Bizarre food rituals around the world you won't believe are real

You don't have to be an intrepid explorer to know that the world is a very, very strange place. All across the globe, hundreds of different cultures exist and go about their lives, each compelled by their own history, traditions and odd little quirks. It doesn't really matter where you are — whether it's Kenya or Japan; England or Siberia or anywhere else beyond — the simple fact is that we've all got our own way of doing things. This is particularly true, of course, with food. Every culture has its own way of cooking and consuming food, and more than a few have their own utterly bizarre rituals, in which religion, history or even circumstance has driven them to doing things that any other culture would, frankly, be shocked at. These are but a choice selection of the oddities our world has to offer.

The Massai's blood cows

The Maasai people are an ethnic group which occupies the south of Kenya and north of Tanzania. They're particularly well-known for their colorful fashion sense and, yes, their unusual rituals and customs. One of the stranger things they're known for is their use of cow's blood and milk in their diets. Milk is used by the Maasai for tea, butter and simply as a drink, while blood is drunk raw, cooked and often combined with milk. The Maasai cut the artery of the cow so precisely that the act of taking blood doesn't even kill the animal, thus preventing the loss of what is a highly-valued animal in their culture.

Blood is a frequently enjoyed ritual drink at Maasai weddings, though at major ceremonies the unfortunate cattle in question is usually killed. It's drunk straight from the wound as the animal is killed and passed around for the men to drink. We'll, uh, stick to the Champagne, thanks.

Northern winds of the Inuits

The Inuits are not like us. They inhabit the northern regions of Canada and Greenland, and are hard-wired to live and thrive in some of the harshest conditions known to man. They've never farmed — they can't — so they fish, hunt and trap to eat. Their customs regarding marriage, childbirth and death have been a source of fascination for hundreds of years.

In terms of diet, the Inuits will eat anything from walrus to whale to polar bear to whatever fish they can hunt from the ice waters of the Arctic. Very few spices or complex cooking methods are employed, and some food is eaten while still frozen. Naturally, they drink seal blood too. Much of that has to do with location more than tradition, but the final one is the kicker — it's considered good manners in some Inuit cultures to pass wind after eating, as a form of appreciation. Something tells us that's a tradition that wouldn't go over too well in many places.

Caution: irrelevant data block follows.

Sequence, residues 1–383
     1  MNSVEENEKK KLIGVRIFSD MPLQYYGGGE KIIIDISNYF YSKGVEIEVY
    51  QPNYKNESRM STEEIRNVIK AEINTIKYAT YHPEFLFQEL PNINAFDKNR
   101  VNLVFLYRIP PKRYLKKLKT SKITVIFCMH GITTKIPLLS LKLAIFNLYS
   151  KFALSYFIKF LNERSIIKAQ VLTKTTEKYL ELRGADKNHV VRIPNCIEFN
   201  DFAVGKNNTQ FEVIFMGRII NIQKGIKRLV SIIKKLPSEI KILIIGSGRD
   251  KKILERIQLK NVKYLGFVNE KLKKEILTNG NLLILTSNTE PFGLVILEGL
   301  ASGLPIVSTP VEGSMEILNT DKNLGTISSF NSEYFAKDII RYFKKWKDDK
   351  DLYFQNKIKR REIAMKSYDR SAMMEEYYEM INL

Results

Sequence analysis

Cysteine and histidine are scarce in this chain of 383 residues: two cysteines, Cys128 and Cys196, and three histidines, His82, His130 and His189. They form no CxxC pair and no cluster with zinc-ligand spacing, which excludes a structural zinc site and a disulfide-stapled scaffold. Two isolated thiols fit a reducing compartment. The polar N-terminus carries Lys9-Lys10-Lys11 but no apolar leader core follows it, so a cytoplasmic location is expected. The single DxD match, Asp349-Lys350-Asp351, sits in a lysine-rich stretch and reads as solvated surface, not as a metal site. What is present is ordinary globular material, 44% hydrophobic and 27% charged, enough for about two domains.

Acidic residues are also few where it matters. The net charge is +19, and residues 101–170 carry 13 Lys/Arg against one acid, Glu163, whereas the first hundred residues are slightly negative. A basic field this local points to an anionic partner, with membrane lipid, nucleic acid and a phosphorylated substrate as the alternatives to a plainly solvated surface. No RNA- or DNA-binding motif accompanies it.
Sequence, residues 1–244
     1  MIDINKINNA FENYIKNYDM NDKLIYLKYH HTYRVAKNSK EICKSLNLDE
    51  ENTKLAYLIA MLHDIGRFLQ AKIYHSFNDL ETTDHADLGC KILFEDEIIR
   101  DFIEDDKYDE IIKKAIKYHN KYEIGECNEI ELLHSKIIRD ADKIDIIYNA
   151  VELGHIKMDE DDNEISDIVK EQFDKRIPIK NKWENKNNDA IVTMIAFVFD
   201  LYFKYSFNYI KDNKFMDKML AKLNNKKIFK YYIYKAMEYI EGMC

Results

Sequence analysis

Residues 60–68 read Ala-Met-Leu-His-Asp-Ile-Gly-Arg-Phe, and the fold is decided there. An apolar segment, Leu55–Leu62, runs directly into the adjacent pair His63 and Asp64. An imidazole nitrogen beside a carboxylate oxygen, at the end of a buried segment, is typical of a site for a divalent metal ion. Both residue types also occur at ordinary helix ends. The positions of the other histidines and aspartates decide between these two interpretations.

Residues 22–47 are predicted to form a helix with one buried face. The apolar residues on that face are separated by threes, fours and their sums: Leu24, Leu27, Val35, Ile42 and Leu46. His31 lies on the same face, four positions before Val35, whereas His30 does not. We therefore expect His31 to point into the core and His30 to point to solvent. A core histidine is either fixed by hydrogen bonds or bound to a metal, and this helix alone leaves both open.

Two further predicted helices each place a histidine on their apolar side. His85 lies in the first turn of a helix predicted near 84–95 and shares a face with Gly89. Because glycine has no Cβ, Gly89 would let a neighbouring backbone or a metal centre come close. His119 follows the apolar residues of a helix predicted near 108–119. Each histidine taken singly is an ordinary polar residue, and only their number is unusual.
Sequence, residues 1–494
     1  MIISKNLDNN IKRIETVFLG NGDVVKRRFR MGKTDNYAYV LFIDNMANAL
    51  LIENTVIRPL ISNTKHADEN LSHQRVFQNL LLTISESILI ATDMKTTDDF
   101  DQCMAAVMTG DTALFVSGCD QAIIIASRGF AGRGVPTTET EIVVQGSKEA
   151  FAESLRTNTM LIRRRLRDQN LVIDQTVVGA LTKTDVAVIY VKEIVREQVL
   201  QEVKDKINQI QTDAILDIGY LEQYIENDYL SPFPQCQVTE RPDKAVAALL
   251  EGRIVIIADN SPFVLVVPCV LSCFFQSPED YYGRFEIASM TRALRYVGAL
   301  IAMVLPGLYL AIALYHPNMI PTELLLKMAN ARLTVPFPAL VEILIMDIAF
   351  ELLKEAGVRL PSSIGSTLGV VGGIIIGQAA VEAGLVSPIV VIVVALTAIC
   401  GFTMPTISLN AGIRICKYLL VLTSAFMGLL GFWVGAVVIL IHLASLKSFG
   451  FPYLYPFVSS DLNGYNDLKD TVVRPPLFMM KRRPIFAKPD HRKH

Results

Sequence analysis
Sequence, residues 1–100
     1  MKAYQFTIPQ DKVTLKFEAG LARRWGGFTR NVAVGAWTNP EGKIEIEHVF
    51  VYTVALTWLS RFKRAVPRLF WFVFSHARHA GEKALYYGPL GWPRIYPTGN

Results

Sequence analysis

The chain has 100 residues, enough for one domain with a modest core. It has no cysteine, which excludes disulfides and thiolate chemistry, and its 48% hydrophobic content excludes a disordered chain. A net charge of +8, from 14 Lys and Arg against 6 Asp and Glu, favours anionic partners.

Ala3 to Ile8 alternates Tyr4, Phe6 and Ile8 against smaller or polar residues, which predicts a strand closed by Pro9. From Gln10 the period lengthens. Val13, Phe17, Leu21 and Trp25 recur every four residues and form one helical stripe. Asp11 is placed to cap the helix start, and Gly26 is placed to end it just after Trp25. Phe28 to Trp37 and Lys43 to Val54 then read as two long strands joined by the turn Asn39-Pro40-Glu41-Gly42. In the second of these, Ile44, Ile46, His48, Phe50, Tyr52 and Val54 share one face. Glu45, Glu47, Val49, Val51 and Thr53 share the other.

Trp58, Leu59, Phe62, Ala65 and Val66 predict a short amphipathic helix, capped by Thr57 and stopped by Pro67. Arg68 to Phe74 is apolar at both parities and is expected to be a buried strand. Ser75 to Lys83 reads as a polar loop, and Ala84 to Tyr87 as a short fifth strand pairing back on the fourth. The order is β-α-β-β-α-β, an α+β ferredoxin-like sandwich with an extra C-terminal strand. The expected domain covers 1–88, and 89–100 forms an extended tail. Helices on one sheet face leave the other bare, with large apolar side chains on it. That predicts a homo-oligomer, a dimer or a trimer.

A very KFC Christmas in Japan

You knew Japan would end up on this list somewhere, didn't you? Well, perhaps it's not too surprising that they've got their own fascinating food custom or two, but more surprising is the form it takes: The traditional Christmas dinner all across Japan is KFC. Yep, that KFC. It began with the release of a KFC Christmas "party barrel" in 1970 which sought to recreate the traditional American Christmas dinner, just with fried chicken in the place of the turkey. By 1974, the promotion had been extended across the nation and, with no other Christmas traditions really existing in Japan at the time, KFC simply filled the gap.

Today, the KFC Christmas meal includes fried chicken, salad and a more traditional Japanese Christmas cake. It's estimated that 3.6 million Japanese families eat KFC during the season, and food is ordered weeks in advance to beat the rush.

The Haro wine fight

Spain isn't exactly short on strange food events and rituals — Bunol's annual tomato fight, for example, is a legendary festival for locals and tourists alike. Less famous, however (despite arguably being much, much cooler) is the Haro wine battle. Haro, in Spain's northern La Rioja region, is a small but important part of the country's wine making tradition.

It's said that the festival can trace its roots back to the 13th century, when a tradition saw Haro's inhabitants mark its property lines between them and their neighbors in Miranda de Ebro, to prevent Haro being subsumed by that town. In the 17th century, the tradition broke down and the residents of each town settled their differences by throwing wine at each other, and thus a new tradition was born. Today, the revelers (dressed in white, of course) join a procession, and take part in religious mass before battling for hours against each other with buckets, water guns, hoses and anything else they can get their hands on. After the battle is over, the feast commences. Doesn't sound too bad, really.

Inviting the dead to dinner

The Toraja are a people indigenous to the Sulawesi region of Indonesia. Their story is similar to that of many east Asian tribes: a beautiful culture, amazing customs, hit by missionaries in the 20th century and are now thriving off tourism. What makes the Toraja unique, however, is their novel approach to death (be warned, there's some fairly gruesome imagery included in this source).